By Simon Abraham

2 May 2014

Members of Tisher Liner FC Law are experienced in representing clients in Mediations, conducting hundreds of Mediations for a period exceeding twenty years.

The question on everyone’s lips: why do people choose to mediate instead of going down the road of litigation or other such proceedings? He sets our various reasons:-

1 – Costs

Participating in Mediation when matters are subject to Court proceedings (or such proceedings are contemplated) is a cost-effective manner in which to resolve a dispute. The obvious alternative is to conduct litigation which is extremely expensive, requiring significant preparation, documentation, appearances and all the associated steps relevant to conducting a Court case.

2 – Time

Most Court cases require a considerable amount of input by way of time, seeing Lawyers, Counsel, attendances at Court etc. The time required to devote to a Mediation would usually involve considerably less preparation and usually the matter is resolved in a Mediation in one day, as opposed to even a short case in Court which may run over many days.

3 – Certainty

Although achieving a result by way of settlement or otherwise in a Mediation is not compulsory, by participating in a Mediation and having a matter resolved, there is certainty as to the outcome. Any Court proceeding will depend on the presentation and interpretation of evidence (including Experts), a finding by a Judge as to such facts and than applying the Law and these two variables can have outcomes which may not be favourable. The Mediation process enables a result to be achieved and at the end of the process each party knows the outcome with certainty.

4 – Making your own decisions

Most people prefer to make their own decisions. The Mediation process permits a party to a dispute to make a decision about an outcome and, even if the outcome is not precisely that which a participant would have liked at the commencement of the process, at least a participant has made the decision. Experience shows that most people prefer to be in a position of making their own decisions and living with such decisions afterwards.

5 – Flexibility in the outcome

Parties to a Mediation are able to negotiate outcomes in a manner which may not be ordered by a Court. There are no right or wrong outcomes, only those that the participants may adopt. The result may be outside any prior preconceived outcome. If the parties decide to agree, even if such outcome was not what a participant would have originally contemplated, then the matter is finalised and everyone can get on with their usual business and life activities.

Accordingly, most parties prefer to avoid Court proceedings and would prefer to participate in a Mediation because of costs, time, certainty and being able to make their own decisions.

Related Articles

View All
Employment Law / Litigation & Dispute Resolution / Construction

Does it Really Matter What You Call Your Employees? The Difference Between a Permanent and a Casual Employee.

The Federal Court found the casual employee worked a regular and continuous pattern of work for more than two years,...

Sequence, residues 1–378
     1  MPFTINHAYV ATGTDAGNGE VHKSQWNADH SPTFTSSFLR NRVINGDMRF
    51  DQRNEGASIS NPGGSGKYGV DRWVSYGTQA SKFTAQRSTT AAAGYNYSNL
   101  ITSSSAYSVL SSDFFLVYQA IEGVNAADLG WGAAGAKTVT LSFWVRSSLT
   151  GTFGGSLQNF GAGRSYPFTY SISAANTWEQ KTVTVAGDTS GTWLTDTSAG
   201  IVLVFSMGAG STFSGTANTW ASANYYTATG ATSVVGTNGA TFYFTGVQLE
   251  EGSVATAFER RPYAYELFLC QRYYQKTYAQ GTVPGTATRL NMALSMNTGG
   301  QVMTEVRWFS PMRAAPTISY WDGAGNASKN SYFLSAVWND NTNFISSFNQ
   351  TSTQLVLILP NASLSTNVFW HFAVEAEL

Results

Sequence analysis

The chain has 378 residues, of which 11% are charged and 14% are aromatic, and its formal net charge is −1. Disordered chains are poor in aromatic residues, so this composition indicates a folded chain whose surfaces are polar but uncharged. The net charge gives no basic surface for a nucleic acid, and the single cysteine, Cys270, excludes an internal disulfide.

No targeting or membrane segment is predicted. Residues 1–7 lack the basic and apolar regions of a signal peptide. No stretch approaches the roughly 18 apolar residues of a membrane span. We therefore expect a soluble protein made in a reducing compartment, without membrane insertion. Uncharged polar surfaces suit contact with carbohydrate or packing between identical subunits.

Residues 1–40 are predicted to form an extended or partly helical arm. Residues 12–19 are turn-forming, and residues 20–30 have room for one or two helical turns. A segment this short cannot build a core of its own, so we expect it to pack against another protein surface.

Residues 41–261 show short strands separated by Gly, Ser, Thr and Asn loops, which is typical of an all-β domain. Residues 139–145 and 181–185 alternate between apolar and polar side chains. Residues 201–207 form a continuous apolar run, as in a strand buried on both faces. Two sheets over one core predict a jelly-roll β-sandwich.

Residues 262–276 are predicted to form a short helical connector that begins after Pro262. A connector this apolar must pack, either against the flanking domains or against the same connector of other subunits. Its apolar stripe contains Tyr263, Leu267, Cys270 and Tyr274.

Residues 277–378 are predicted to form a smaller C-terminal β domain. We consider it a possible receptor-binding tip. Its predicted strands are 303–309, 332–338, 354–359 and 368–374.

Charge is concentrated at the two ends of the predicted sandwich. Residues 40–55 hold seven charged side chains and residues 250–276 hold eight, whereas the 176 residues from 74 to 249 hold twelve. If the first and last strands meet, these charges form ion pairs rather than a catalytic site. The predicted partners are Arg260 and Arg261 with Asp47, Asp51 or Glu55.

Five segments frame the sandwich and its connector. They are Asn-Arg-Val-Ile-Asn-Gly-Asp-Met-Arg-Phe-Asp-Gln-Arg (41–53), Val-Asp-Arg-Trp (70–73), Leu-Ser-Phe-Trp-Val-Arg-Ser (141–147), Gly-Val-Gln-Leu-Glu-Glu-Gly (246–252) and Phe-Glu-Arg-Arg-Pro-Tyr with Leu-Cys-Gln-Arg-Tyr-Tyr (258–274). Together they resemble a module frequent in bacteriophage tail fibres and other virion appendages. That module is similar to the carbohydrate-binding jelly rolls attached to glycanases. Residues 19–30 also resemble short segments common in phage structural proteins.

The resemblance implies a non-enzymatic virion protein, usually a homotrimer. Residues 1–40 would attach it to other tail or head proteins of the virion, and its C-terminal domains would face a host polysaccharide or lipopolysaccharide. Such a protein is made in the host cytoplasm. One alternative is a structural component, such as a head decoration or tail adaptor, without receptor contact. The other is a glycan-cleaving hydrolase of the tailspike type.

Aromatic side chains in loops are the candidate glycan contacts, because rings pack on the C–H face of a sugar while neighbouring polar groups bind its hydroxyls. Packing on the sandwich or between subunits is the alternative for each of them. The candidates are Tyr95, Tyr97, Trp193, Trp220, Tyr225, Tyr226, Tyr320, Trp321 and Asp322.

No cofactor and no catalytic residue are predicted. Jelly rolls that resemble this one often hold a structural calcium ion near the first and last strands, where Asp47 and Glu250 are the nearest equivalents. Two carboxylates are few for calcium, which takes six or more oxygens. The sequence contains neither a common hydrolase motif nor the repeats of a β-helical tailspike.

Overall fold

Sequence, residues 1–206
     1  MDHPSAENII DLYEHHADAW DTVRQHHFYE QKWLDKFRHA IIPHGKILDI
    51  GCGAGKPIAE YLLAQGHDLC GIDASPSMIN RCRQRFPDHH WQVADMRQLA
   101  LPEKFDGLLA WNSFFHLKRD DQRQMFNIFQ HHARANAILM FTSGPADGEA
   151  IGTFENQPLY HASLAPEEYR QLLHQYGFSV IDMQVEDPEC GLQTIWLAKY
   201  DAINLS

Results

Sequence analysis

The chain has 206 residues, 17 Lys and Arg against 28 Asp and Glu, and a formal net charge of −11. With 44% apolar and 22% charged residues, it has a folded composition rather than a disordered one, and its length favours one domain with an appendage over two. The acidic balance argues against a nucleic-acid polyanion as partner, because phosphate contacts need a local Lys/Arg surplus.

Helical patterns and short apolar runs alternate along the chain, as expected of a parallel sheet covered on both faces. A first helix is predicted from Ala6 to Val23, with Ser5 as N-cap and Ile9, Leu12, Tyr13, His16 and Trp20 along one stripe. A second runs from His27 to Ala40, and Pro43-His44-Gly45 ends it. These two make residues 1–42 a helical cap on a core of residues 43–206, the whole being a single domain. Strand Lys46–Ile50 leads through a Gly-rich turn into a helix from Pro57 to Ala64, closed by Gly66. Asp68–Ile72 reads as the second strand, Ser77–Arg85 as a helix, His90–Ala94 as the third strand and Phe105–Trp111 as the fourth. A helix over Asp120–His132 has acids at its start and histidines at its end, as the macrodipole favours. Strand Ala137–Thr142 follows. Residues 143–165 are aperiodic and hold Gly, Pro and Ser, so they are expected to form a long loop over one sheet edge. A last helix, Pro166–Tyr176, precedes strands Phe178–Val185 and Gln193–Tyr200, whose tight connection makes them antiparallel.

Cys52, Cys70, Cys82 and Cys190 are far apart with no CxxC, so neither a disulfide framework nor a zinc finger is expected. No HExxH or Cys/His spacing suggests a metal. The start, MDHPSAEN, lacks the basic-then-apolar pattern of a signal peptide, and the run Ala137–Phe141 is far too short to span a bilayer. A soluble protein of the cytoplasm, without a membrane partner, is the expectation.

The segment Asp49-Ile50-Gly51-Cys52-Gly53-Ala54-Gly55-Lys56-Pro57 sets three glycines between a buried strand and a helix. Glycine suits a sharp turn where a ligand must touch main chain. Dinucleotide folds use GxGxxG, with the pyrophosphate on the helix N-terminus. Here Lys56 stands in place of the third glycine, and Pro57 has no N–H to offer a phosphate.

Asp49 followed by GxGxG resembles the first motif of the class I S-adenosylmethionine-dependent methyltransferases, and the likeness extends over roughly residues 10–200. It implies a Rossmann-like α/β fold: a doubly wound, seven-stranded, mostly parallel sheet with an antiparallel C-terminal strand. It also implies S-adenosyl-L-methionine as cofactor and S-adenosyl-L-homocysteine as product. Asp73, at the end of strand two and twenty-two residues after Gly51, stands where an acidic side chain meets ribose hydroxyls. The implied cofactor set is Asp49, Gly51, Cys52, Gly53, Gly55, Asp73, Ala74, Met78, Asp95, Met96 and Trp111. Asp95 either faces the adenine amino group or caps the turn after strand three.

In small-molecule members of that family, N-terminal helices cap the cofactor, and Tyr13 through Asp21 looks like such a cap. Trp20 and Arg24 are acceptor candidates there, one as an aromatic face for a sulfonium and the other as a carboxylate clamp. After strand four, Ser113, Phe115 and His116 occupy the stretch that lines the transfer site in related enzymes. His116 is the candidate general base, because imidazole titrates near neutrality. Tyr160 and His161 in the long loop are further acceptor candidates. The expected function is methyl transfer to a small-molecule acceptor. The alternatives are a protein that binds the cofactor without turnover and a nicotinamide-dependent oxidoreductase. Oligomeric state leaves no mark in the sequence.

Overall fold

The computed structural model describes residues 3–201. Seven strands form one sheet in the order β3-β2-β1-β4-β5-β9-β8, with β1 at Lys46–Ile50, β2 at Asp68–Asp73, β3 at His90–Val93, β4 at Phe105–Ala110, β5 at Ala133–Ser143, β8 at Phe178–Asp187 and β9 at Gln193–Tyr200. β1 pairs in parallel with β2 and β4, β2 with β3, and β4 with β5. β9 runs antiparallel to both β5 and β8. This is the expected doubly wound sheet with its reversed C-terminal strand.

Read More
Property & Development / Litigation & Dispute Resolution

Subpoenas: think twice before pushing the button

In a recent decision of the Supreme Court of Victoria, Brady Queen Pty Ltd and 280 Queen Street Pty Ltd & Anor (No...
Read More
Litigation & Dispute Resolution / Property & Development / Developments

Rules of Thumb for Purchasing a Property

Good advice is only going to benefit you if you take advantage of it This applies whatever your purpose for the...
Read More
Technology and Start Ups / Litigation & Dispute Resolution / Privacy Laws & Trading Terms

High Court Finds Google’s Search Engine has the Capacity to Defame

For many years, Google has claimed that its search engine has no capacity to defame Effectively, Google has argued that...
Read More
Australia-Israel Legal Advice / Charities & Not-for-Profit / Technology and Start Ups

TLFC – Award Finalist for Law Firm of the Year (Medium Category)

Tisher Liner FC are proud to be nominated as an award finalist in the 14th annual Victorian Legal Awards Medium Law...
Read More
Litigation & Dispute Resolution

Public Examinations – Inquisition or Corporate Karma?

Regardless of this clause, A2Z alleged that McDonalds terminated the cleaning contract with only one day’s notice,...
Read More
Business Law / Commercial Contracts & Agreements / Intellectual Property

It Won’t Happen To Us! We Know Each Other – We Don’t Need an Agreement

The material considerations relevant to your interest, whether it be a property development, joint venture,...
Read More
Property & Development / Litigation & Dispute Resolution

A Timely Reminder of the Underquoting Laws

During that period Consumer Affairs Victoria (CAV), the Regulatory Body that governs real estate agents, has...
Read More
Leasing & Lease Disputes / Property & Development / Developments

Commercial Leases – Protect your Property

By the end of the lease (whether by expiry, abandonment or eviction) things may look different And you may need to...
Read More
Business Law / Commercial Contracts & Agreements / Litigation & Dispute Resolution

Corporate Divorce – The Importance of Prompt Damage Control

When good companies fail due to deteriorating business relationships, there is often a cast of familiar players: 1 The...
Read More
Construction / Litigation & Dispute Resolution / Property & Development

Domestic Building Dispute Resolution – New Regime

The days of VCAT being a first-instance negotiator in Victorian domestic building disputes are coming to an end...
Read More
Litigation & Dispute Resolution

Don’t be scared of a subpoena

A subpoena can be a daunting document Expressed as an order of a Court, a subpoena requires the person served to either...
Read More